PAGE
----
Presentation Accommodations and Modifications in a Virtual Setting:

  • Use audio recordings or text-to speech programs
  • Increase the font size of digitally presented text
  • Increase the spacing/amount of text presented digitally
  • Include visual representations and cues (clipart, memes, gifs) with written text
  • Include verbal summaries and cues (recorded) with written text
  • Chunk information presented into discrete pieces of information
  • Limit note taking during digital lessons, provide notes before the lesson or transcript after the lesson
  • Provide digital graphic organizers, skeleton notes, advanced organizers, anchor charts, and information keys
  • Provide videos of instruction for students to return to as needed
  • Provide verbal cues (sounds and audio recordings) embedded in lectures and digitally presented text
  • Provide all instructions for assignments in concise, written format; paired with a video explanation
  • Determine a consistent way digital information will be organized across teachers and courses

Response Accommodations and Modifications in a Virtual Setting:

  • Provide students choice on how they submit responses and assignments:
    • Video or audio recordings of themselves providing answers (LoomFlipgrid, etc…)
    • Pictures of handwritten work
    • Typed responses (use of Text to Speech programs as needed)
  • Provide students with online calculators or assistive technology tools specific to math
  • Provide students manipulatives
    • Tangible manipulatives sent home by the teacher
    • Printable manipulatives
    • Virtual manipulatives
  • Provide students increased wait time, cues, and alternatives (writing, circling, pointing, gestures) when asked to speak or present in front of online class
  • Provide digital graphic organizers, sentence starters, or templates for writing activities
  • Include the use of Spelling, Grammar, and Punctuation assistive technology supports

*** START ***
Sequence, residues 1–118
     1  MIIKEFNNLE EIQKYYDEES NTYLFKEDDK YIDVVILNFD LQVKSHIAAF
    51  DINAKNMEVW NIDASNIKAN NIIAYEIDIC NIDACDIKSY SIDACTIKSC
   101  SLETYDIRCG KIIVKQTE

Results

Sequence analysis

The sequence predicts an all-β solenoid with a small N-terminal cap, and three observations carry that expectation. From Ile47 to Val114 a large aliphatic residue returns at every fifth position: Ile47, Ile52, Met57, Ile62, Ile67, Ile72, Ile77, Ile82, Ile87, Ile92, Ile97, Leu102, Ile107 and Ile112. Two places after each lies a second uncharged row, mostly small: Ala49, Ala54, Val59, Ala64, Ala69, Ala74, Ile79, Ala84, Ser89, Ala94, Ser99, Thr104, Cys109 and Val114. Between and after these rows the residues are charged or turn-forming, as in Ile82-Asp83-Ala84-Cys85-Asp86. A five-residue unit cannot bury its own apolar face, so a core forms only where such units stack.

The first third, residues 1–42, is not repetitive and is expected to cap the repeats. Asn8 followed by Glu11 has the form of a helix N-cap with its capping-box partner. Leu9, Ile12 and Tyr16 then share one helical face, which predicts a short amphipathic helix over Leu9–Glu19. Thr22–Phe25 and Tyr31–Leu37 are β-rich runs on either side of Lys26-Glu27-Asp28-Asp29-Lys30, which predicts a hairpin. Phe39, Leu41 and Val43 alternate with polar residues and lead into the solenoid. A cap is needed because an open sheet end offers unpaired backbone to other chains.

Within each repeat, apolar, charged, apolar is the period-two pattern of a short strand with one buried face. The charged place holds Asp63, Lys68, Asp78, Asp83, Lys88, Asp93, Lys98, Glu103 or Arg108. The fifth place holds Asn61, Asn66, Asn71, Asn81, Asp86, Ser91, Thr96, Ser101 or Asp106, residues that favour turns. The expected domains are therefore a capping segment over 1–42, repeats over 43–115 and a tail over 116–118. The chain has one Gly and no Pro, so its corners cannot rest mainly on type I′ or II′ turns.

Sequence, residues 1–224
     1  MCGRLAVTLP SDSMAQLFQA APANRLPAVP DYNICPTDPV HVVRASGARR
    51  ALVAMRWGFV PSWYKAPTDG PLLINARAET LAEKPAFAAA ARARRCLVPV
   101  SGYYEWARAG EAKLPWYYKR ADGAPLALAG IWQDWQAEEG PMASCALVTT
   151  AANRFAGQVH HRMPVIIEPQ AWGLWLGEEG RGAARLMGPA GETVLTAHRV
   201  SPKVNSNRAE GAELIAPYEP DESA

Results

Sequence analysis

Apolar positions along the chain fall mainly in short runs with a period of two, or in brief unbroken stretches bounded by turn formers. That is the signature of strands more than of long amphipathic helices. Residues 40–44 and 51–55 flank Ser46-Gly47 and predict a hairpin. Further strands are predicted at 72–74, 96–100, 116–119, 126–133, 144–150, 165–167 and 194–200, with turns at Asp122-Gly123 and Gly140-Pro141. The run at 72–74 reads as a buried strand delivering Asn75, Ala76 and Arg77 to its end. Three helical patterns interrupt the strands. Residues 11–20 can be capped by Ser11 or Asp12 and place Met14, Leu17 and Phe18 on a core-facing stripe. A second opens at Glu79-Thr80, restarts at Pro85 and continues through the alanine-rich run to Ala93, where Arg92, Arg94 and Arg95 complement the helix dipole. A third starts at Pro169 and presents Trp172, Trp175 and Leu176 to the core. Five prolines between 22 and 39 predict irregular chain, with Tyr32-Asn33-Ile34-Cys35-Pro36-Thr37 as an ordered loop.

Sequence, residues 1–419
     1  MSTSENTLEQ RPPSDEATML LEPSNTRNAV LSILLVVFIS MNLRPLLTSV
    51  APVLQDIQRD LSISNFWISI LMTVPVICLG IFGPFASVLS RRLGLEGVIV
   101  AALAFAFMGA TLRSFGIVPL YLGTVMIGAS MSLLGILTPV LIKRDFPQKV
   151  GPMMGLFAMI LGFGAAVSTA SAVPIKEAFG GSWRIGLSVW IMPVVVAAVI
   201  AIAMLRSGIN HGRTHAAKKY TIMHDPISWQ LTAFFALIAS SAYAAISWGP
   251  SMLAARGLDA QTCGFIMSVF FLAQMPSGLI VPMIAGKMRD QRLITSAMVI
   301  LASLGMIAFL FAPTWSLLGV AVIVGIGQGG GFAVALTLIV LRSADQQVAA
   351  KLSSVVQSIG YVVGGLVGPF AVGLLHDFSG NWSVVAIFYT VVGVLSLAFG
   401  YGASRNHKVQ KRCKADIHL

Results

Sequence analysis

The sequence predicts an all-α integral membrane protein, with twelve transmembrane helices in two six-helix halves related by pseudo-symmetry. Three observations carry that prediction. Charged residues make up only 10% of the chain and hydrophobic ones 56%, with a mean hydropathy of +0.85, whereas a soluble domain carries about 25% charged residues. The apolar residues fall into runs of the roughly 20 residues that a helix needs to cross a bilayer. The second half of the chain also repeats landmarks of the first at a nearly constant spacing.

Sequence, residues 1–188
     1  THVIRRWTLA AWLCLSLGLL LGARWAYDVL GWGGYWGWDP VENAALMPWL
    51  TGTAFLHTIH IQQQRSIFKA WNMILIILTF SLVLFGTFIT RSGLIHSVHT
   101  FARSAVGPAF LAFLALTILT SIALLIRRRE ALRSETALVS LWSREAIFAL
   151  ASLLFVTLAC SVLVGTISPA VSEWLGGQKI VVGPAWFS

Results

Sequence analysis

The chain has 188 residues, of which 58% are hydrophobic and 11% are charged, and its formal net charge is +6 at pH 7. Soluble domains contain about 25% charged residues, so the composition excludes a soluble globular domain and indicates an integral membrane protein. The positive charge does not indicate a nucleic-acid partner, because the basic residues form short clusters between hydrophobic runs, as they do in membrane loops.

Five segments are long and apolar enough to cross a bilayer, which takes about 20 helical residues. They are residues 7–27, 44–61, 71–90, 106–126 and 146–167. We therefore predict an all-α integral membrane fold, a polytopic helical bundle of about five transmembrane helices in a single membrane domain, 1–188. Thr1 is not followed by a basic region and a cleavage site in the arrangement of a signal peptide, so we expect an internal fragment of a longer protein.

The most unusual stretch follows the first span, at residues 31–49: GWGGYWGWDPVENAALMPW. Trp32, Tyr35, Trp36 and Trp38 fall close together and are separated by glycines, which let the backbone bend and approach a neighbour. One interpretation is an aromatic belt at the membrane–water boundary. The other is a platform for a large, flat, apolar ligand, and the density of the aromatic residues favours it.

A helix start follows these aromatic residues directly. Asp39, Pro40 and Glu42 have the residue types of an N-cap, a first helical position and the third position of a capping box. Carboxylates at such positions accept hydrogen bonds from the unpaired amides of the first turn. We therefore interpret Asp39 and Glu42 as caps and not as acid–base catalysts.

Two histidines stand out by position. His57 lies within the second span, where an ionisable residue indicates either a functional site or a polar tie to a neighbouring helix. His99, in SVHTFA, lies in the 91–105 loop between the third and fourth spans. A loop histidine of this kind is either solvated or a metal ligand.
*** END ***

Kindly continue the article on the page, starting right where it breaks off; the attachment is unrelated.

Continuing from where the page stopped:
Environment Accommodations and Modifications in a Virtual Setting:

  • Provide a designated space for e-learning to take place, free from auditory and visual distractions
  • Provide sensory and fidget items to students while they are engaged in digital instruction
  • Allow the use of headphones or earbuds
  • Provide small group or one-on-one learning using breakout rooms or individual on-line conferences

Timing/Scheduling Accommodations and Modifications in a Virtual Setting:

  • Embed frequent guided and unguided brain breaks
  • Embed physical/kinesthetic instruction and movement
  • Increase the amount of time provided to complete a task
  • Allow extended time beyond what would typically be allowed during in-person instruction
  • Chunk larger assignments into smaller tasks and provide individual due dates over several days, instead of one due date for all the smaller tasks
  • Provide a written outline of due dates no more than one week at a time
  • Embed visual timers into online instruction
  • Provide visual timers for breaks
  • Provide consistent visual schedule or outline for each day or class period

Even though we, as special educators, are in unchartered territories it is important to remember that we must support students on an individual basis. There should never be a one size fits all approach to education regardless of learning environment. When designing a plan to support your child during online learning first consider individual strengths and then select accommodations and modifications listed above that will help to support specific areas of weakness.

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The Dallas Academy Varsity Football team was not even sure they would have a season this year.  With Covid-19 numbers steadily rising and surging throughout the summer the outlook of being able to start football in August did not seem like a possibility.  School officials took every precaution they could to try and prepare for the chance that school and sports would be able to open on schedule.  As the summer waned on, the team received the news that Dallas County would allow schools to start practice on September 8th.  While the other private schools in the league were able to start in early August, the Bulldogs were excited that they would at least be able to play this year. 

While playing the games was important to the players, the life lessons they learn through athletics is the greater reward.  At Dallas Academy, the athletic program teaches their players to win with class and lose with dignity.  They learn how to overcome adversity and never give up no matter what the odds are.  They are taught how to handle success and the traps that success can bring.  The athletic program focuses on a student-centered coaching philosophy which gives the players team-based goals over individual goals that helps to instill teamwork and selflessness to achieve a goal.  The players learn how to be leaders and develop important social skills.  With the no-cut policy that the team implores, every student in the school is given the opportunity to learn these valuable lessons.